If it weren't for that damn iPad...

Eddy Cue, Apple’s senior vice president of Internet software and services, went to bat Thursday for his company and his former boss, Steve Jobs, testifying in a Manhattan courtroom that Apple never conspired with publishers to jack up e-book prices. The feds claim the Cupertino tech giant did precisely that, calling its negotiations with publishers an illegal salvo against rival Amazon, which had been aggressively low-balling its prices on e-books.

But in one of the more interesting exchanges, Cue described how Jobs never even wanted to dip his toes into the e-book market — that is until Cue got his hands on the about-to-be-released iPad and convinced his boss the device would be a made-in-heaven platform for book-reading..

As CNET reported:

Even before the iPad launched, Cue was certain Apple should have a bookstore for its iPhone and Macs, but Jobs believed those products weren’t ideal for reading.

“What happened was when I got my first chance to touch and play with the iPad … I became convinced this was a huge opportunity for us to build the best e-reader the market has ever seen,” Cue said during questioning by Apple defense attorney Orin Snyder.
He came back and said it was great,” Cue said.

Jobs in November of 2009 gave Cue the go-ahead to pursue the market, leaving him only a couple months to make content deals ahead of the iPad announcement in January.

“Steve said it’s fine, go do this, but get the deals done in January so I can demo it on stage,” Cue said.

The pressure was on in more ways than one. The big iPad launch was looming on the horizon. And Jobs was dying of pancreatic cancer.

“He was near the end of his life near the launch of the iPad,” Cue said. “I wanted to get that on time because it was important to him.”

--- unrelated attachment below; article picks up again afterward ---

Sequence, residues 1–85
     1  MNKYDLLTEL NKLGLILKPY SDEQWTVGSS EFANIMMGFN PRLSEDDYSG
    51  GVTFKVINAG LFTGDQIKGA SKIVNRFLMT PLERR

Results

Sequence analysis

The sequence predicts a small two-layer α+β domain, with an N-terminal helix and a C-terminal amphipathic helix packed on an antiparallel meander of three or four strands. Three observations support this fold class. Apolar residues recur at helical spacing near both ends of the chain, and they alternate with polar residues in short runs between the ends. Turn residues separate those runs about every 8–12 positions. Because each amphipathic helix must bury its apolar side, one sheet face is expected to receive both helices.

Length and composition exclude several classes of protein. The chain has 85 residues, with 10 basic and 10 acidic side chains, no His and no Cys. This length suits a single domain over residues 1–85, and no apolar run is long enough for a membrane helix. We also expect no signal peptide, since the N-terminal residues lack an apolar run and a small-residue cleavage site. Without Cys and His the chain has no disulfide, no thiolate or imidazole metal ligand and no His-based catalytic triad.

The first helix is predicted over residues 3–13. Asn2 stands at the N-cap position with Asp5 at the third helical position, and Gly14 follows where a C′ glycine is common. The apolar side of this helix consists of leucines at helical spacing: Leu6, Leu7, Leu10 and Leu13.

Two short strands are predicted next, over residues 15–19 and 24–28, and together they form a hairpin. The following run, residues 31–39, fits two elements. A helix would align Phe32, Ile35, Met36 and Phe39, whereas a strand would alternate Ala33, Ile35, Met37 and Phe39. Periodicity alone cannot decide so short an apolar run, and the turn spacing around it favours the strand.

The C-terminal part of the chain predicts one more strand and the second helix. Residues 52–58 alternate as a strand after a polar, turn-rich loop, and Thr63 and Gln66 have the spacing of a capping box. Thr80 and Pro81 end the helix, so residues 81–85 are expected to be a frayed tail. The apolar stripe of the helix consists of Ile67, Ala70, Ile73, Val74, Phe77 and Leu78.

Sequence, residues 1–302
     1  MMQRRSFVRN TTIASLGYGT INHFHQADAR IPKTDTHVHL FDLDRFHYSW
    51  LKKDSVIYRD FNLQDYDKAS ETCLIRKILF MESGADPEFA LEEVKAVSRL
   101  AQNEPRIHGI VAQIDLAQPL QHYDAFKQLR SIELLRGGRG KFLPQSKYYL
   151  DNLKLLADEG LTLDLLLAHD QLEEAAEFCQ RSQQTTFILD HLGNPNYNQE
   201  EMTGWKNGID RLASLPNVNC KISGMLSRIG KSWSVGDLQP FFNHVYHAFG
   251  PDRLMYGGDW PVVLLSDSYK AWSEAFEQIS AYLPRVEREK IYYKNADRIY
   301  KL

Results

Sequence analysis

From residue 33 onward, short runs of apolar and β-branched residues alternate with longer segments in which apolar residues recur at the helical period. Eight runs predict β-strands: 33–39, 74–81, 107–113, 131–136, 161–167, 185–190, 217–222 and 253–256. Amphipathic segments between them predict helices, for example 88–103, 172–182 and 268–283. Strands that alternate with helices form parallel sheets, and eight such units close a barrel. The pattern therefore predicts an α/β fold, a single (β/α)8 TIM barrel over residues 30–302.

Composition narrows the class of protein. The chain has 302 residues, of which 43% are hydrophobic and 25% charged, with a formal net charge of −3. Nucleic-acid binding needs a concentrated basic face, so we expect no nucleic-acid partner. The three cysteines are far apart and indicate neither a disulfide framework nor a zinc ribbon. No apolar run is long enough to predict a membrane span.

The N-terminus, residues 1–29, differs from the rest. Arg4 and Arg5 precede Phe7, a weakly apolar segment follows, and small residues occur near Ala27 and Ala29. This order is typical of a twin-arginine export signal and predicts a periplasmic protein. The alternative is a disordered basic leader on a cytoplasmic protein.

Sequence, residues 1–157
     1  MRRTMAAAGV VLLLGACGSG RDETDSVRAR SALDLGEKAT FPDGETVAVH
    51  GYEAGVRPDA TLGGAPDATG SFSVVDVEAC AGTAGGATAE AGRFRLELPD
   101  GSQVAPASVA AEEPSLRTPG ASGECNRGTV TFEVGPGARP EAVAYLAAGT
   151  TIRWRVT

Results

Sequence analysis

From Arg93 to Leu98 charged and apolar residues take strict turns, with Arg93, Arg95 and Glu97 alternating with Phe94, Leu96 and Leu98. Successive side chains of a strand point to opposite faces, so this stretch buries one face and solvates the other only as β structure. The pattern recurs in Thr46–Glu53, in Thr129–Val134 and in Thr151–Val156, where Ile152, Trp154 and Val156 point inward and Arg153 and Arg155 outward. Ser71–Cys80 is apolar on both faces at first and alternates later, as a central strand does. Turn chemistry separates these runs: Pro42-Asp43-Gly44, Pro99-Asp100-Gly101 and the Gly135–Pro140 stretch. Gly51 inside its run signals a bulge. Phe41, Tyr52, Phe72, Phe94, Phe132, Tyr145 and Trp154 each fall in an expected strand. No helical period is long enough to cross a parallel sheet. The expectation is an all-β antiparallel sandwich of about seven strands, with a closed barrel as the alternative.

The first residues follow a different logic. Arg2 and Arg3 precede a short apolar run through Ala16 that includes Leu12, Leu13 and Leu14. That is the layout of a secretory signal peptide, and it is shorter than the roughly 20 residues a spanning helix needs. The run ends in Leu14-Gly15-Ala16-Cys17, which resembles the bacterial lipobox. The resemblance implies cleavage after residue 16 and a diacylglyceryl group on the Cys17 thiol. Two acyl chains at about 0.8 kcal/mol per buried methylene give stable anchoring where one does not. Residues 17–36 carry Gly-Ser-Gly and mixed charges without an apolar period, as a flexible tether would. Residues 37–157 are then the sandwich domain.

The revelation about how Jobs was swayed to open up an e-bookstore came against the larger legal backdrop, as government lawyers questioned the top Apple executive to testify so far about the negotiations between Apple and major book publishers that resulted in allegations of price-fixing.

The five publishers- – Hachette, HarperCollins, Simon & Schuster, Holtzbrinck Publishers, doing business as Macmillan, and The Penguin PublishingCo.Ltd., doing business as the Penguin Group — settled before the non-jury trial got underway. But Apple chose to defend itself in court, denying claims that its agreements required publishers to force Amazon to charge more for e-books.

Cue is scheduled to take the witness stand again on Monday. Closing arguments are scheduled for late next week.

 

 

Patrick May Patrick May (313 Posts)

With more than 30 years on the front line of daily American journalism, I'm currently a staff writer with the San Jose Mercury News, covering Apple and writing people-centric business stories from Silicon Valley.